I’ve have said before that although I don’t believe there is a devil, I have met her household. They wear blouses and ties. 

Ben Harper has written a lot of songs that I appreciate listening to. 

His lyrics: It takes a hundred miles of love to heal a mile of pain…

sat very heavy with me for a few years. Living in Malaysia was a mile of pain for my son, thanks to blouse and tie wearing pond scum. Since then, he has been on a long walk; about one hundred miles. People called Suriana, Jess, Martha, Mukhayyo, Jay, Steve, Dave have been rooting for him. He has been unlocked and the gems have been found, polished and in tact. I can see them in his eyes.

I literally sleep easier now when I think of him and those who have unknowingly stood by him, propping him up. I didn’t ask them to. They couldn’t help it. 

Now that his journey is well, well underway, I can begin mine.



He was making a mango lassi with his brother this evening when his finger kept finding the yoghurt. It dipped and dived. Irresistibly, the two kilo pot of plain dairy teased Jonah. It was poked and licked by a young hook. Olives have the same effect on Ben, so we bought him two jars of Greek unpitted from a friend who is raising money for Ethiopians.

Jonah is affectionate and strong. He still kisses and holds hands, even at school. He presently has a row of four absent teeth across his upper gum. His own suggestion was that he eats only corn chowder for a few weeks. He is a surprising boy. Hilarious and delicate with a pinch of indestructibility. He’s bumped his forehead, nose and top lip more times than I’ve had airport coffees. The scar on his cheek was earned through some terrific playing. We have very few injuries in our family - only stories.

He is seldom sad, with a maturity and reasonableness well beyond his height. 

I couldn’t connect with Jonah for his first year. I didn’t bond. I admit he was like a visitor. I loved every drop of him though. Something in me wouldn’t open up to him like I did to Ben. My fathering until then had been terrible and I did not want to be terrible anymore. Jonah was there but not deep in here. His softness and openness were not enough; or maybe too much for me.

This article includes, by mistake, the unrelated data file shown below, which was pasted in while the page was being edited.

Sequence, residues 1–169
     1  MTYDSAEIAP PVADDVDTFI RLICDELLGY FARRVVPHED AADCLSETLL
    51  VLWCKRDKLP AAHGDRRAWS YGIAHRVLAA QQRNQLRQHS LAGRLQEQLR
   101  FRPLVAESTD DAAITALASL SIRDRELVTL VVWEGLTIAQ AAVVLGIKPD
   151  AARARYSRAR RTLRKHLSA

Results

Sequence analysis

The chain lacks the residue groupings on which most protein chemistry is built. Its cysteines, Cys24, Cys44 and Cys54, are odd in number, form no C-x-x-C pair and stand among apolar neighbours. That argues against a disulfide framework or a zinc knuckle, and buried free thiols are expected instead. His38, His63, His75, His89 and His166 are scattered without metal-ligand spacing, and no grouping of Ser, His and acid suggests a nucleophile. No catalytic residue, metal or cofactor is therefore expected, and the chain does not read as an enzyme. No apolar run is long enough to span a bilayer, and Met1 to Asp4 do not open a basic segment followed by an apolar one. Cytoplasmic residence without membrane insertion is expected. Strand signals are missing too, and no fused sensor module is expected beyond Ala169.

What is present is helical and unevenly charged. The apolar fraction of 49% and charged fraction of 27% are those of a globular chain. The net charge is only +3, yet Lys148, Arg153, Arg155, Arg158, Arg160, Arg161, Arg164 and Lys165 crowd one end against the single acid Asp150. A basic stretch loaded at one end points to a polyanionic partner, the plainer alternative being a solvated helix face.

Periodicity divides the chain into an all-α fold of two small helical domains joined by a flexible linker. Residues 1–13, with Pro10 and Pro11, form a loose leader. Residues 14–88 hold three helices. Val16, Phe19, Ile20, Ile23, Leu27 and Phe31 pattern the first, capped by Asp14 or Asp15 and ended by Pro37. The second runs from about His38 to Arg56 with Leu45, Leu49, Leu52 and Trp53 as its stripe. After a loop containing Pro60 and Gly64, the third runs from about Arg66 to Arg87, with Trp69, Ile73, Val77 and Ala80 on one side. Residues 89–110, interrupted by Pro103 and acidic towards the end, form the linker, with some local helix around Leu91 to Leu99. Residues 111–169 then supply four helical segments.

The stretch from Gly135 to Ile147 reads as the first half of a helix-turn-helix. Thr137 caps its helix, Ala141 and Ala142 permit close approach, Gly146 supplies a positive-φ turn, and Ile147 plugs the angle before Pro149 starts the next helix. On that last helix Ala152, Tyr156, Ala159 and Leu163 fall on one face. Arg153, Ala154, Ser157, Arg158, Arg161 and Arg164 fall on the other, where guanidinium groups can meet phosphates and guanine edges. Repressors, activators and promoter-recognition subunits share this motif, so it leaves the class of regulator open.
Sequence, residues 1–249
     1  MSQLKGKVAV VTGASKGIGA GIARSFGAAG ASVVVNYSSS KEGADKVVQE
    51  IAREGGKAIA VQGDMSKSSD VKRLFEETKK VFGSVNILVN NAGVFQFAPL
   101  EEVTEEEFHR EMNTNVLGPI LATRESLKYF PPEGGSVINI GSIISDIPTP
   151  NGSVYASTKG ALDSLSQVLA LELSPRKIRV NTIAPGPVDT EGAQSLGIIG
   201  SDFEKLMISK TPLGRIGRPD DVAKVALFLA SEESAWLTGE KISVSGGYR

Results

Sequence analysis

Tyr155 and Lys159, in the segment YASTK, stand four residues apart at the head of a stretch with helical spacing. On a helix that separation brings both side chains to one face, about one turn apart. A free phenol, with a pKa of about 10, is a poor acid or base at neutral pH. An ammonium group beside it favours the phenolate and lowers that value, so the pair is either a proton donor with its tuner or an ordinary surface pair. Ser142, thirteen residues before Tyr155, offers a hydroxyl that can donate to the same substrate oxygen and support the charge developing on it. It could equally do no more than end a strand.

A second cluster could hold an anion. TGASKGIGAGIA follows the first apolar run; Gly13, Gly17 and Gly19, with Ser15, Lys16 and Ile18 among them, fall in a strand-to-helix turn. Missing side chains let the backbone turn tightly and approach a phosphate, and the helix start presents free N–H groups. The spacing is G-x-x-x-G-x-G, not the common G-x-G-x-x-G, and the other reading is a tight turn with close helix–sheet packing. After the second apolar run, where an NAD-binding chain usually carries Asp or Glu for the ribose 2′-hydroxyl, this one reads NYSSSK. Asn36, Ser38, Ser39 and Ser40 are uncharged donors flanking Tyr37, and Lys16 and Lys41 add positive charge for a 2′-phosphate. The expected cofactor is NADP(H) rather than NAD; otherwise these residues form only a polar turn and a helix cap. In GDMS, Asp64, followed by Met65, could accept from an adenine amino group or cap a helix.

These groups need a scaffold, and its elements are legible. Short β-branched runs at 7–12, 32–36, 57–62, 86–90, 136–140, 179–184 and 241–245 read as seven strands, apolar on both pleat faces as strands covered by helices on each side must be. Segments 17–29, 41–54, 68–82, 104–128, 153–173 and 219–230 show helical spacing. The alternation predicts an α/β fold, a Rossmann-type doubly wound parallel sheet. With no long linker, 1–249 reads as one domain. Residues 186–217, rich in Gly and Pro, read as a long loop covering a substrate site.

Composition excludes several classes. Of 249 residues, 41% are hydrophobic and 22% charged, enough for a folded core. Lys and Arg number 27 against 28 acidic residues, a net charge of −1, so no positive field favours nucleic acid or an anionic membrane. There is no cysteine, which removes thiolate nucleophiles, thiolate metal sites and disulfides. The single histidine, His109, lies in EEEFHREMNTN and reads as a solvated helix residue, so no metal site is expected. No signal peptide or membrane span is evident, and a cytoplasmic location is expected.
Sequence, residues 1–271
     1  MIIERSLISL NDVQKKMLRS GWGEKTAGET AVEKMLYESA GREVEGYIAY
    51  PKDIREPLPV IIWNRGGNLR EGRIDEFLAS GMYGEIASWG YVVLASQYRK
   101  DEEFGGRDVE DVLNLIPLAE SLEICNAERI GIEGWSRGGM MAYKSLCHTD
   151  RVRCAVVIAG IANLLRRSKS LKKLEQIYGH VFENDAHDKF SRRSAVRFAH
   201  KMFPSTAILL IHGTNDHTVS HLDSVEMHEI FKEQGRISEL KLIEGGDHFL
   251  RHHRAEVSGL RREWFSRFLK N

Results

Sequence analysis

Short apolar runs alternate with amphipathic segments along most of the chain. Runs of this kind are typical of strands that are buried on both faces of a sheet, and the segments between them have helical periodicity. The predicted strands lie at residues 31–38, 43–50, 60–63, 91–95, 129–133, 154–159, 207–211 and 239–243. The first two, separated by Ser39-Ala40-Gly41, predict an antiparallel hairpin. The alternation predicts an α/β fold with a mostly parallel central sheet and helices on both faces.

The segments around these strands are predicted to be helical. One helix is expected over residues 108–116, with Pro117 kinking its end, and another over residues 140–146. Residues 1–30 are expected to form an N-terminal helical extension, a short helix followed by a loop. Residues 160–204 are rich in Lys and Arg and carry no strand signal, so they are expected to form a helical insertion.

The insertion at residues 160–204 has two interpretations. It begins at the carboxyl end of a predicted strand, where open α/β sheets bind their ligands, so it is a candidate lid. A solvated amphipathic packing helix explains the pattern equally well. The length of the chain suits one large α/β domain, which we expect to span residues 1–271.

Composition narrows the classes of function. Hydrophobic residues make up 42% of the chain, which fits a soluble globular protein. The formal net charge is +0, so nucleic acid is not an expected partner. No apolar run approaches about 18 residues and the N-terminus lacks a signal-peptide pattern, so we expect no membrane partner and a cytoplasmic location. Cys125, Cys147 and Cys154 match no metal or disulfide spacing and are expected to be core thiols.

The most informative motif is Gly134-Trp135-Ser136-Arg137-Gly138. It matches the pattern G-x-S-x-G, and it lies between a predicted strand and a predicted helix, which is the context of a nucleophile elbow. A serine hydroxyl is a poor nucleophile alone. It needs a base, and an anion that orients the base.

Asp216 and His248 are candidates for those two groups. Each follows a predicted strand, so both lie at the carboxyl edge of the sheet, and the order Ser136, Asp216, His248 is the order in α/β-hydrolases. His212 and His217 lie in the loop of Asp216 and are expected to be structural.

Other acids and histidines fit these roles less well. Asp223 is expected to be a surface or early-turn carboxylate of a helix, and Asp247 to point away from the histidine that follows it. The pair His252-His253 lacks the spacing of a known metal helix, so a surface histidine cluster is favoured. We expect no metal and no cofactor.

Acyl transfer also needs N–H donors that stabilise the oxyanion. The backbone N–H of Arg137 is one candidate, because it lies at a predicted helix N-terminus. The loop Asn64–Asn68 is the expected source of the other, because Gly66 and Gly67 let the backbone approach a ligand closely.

We went to New Zealand after his first (second, third, fourth and fifth) birthday. It was then that I fell wholeheartedly in love with Jonah. I remember holding him and carrying him so much. Along beaches and sidewalks. Around homes and from cars. My reluctance slipped and peeled away. I saw him. My boy. At last. (At first). I remember being in Raglan and holding the wee lad. On the dark sand near a wall made of half round wooden posts; I finally realised I could love and behold this small son. I was his father but I could also be his Dad. I was going to connect with him like I had already clicked with Ben. Mistakes I had made needn’t be repeated. I could be a little bit better with Jonah. 

I can hardly believe how adept Jonah has become. He is a fiery, conscience driven wonder. His laugh, oh, his head turning laugh.



A funny thing happened when I put on my tie this morning. It’s brown and wool and in better condition than it ought to be given that it was purchased, presumably, in the 1970s. It was my father’s tie. He used to wear it to work. He wore it with a white shirt sometimes, I remember.  Dad was a very smart man. Neat, well presented with a healthy complexion and infectious smile. There are a lot of memories where Dad is wearing handsome clothing in a fitting way.

As my tied tie greeted me in our mirror I choked. I missed my father, knowing he would have been proud of me today. Although unlikely to mention it, it is fair to say my father would have smiled had he known I was wearing his tie on this day. I have a new role at work and today was the day I had my first public duties associated with it. On purpose I wore my Dad’s tie. With a shirt with a soft green in it, patterned, and chocolate brown brogues below trousers the same. I wore a belt I bought in Nepal fourteen years ago for just 70 rupees. It is my favourite item and despite no one else knowing how deeply special it is to me, it holds my pants up while reminding me of adventures and people who divided my life in two.

My father never wore sunglasses while I was around. He never drunk nor smoked. He swore once or twice in earshot. I heard him cry only once, when he phoned to say he’d found his father in the garden. My father got better and better. Happier and happier, too.